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Hijab Ban in France

France has since banned religious symbols such as face coverings, niqabs, and burqas in 2004 and 2010; recently, the country had passed an amendment that would restrict Muslim women under 18 from wearing the hijab in public, and another from wearing the burqini at public pools and beaches. Both were introduced by France's far-right conservative party leader Marine Le Pen.


France considers itself to be a secular country, its government not bound to religious order, thus allowing others to practice their faith equally. Still, these values are being distorted for "banning" religion, Islam especially, which is mainly done through the restrictions on religious symbols, such as the veil.


Image is courtesy of Halisia Hubbard/NPR.


President Macron has also empowered police and closed down mosques, under the excuse that some were receiving "illicit funds" and other organizations considered Islamist, which has since then opened discussion of the right ways to combat extremism. Macron has also developed the legislation initially called the "anti-separatism bill" that targets Islamic organizations' foreign funding.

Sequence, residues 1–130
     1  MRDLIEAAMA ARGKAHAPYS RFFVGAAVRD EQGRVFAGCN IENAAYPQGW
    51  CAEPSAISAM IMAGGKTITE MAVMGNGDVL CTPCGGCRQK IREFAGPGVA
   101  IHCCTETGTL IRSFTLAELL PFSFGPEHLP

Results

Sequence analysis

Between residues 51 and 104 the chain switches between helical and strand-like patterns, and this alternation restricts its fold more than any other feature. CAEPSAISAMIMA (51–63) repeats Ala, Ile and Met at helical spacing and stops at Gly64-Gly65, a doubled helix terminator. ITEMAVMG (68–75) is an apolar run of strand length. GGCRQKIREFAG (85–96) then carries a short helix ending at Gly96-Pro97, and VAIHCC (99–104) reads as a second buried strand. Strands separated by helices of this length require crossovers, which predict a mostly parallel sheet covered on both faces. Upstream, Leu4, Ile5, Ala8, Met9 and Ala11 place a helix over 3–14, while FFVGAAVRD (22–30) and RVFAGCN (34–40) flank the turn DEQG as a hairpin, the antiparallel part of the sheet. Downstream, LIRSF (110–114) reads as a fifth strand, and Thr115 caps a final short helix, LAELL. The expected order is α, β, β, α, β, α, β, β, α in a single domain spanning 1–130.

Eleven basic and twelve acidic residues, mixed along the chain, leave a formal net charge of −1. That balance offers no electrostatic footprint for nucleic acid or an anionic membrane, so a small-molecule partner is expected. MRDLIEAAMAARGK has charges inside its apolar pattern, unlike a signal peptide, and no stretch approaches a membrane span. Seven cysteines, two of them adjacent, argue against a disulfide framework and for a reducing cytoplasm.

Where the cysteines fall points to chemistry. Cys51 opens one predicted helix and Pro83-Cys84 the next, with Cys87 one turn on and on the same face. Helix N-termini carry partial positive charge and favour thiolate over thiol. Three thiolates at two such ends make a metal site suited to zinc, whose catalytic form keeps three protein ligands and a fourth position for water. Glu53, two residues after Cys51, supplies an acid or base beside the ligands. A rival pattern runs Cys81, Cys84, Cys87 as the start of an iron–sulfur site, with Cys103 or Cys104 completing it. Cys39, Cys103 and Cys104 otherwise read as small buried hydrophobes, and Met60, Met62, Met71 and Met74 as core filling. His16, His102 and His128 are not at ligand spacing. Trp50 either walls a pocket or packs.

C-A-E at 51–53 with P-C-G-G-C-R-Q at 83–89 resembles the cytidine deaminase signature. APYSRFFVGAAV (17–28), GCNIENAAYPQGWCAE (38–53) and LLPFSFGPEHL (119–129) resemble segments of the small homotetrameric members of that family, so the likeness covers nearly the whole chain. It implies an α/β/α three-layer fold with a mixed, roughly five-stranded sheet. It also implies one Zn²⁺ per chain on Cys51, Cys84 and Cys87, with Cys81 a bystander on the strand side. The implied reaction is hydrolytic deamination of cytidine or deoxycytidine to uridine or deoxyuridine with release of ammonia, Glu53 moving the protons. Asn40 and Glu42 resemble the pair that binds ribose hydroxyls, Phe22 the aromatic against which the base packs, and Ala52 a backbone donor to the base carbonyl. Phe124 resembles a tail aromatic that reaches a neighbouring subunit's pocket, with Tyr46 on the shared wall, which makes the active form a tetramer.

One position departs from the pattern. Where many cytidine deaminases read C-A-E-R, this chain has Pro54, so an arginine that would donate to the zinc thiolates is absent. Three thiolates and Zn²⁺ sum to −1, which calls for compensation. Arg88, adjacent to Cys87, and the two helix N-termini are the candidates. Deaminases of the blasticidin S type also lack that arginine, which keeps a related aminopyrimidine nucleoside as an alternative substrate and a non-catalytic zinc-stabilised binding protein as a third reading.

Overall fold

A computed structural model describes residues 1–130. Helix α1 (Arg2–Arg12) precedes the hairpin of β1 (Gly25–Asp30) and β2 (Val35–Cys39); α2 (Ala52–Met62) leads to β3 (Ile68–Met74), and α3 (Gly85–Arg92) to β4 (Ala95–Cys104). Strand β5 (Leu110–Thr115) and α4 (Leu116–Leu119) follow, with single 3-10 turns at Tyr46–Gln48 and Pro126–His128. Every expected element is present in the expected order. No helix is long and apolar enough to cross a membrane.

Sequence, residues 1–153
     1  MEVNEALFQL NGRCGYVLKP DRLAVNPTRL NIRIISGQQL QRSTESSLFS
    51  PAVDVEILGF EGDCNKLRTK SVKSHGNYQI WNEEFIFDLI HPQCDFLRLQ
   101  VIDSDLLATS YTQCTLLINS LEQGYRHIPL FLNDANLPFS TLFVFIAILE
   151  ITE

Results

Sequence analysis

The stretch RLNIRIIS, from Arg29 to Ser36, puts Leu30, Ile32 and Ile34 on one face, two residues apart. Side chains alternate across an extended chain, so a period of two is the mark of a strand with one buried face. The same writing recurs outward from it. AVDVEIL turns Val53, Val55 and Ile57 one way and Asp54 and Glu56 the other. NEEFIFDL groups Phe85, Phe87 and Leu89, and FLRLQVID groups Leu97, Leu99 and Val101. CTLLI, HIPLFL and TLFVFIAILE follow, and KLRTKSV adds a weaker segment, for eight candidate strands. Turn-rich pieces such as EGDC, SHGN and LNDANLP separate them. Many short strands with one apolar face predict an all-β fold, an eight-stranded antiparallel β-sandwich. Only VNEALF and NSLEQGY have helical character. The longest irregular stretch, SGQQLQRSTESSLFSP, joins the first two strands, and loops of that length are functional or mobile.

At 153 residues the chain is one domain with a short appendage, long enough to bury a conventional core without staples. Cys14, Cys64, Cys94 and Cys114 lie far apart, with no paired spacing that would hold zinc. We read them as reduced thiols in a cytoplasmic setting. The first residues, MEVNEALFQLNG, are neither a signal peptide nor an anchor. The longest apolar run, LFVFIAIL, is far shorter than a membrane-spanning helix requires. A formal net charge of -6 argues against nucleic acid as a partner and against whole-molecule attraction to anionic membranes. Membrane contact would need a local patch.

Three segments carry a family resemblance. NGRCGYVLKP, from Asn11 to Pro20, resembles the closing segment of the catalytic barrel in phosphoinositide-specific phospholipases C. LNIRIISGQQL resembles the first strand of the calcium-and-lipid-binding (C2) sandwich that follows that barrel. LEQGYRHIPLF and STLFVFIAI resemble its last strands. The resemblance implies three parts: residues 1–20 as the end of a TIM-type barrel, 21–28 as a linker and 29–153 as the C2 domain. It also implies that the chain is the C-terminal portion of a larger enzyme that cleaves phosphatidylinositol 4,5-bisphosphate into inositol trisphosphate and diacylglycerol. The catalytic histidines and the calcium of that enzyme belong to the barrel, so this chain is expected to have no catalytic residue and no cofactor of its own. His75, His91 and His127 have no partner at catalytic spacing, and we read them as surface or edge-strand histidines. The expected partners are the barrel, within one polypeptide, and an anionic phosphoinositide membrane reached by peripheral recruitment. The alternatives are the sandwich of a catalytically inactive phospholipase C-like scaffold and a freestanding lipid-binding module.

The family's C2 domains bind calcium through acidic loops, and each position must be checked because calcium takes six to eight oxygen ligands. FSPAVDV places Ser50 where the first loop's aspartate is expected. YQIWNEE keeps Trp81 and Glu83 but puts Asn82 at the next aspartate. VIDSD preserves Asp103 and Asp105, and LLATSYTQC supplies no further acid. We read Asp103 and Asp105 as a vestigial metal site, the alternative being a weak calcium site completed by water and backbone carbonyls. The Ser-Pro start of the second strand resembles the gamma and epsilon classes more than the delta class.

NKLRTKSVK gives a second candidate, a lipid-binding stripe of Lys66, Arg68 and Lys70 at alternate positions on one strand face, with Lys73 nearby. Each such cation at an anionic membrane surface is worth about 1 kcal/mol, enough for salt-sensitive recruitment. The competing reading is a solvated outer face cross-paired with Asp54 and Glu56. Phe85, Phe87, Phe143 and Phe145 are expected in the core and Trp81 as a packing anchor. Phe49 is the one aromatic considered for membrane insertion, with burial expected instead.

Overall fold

The reason behind the banning was allegedly to address religious extremism, though it is unlikely for these to become laws. Eleanor Beardsley, a reporter at NPR, stated that another amendment regarding wearing the hijab in televised national sports competitions would be treated similarly, "These are amendments to a larger French bill… They have no chance of becoming law...even if they did pass the country's constitutional council would likely strike them down so that they don't have a chance of becoming law."

Le Pen garnered support from frustration over the pandemic and the beheading of a teacher by an extremist. The eighteen-year-old beheaded the school teacher, and he displayed offensive cartoons of the Prophet Mohammed during a free speech lesson. The event led to arguments over the "threat" of Islamism, putting France's values of secularism up for global debate.


Due to the upcoming election, many conservative right voters have transferred to the far right. "If they want to win back these votes, they have to propose legislation that is at least as xenophobic", says Jean-Yves Camus, French political scientist.

At this time, Muslims in France feel discriminated against. It's described that even "Catholic and Jewish leaders have spoken out to warn against it. Many say it's not about extremism, but it's against religion". Many Muslim women have experienced shame for wearing the hijab early in their youth. The headscarf is tied to religion and is used to demonstrate their devotion to God, although many women have their own beliefs for adopting it. Overall it's the women's decision in Islam to decide how they wish to represent their religion, and women who do choose to wear the hijab are not considered oppressed.



Article Author: Idil Gure

Article Editors: Olivia Ye, Stephanie Sahadeo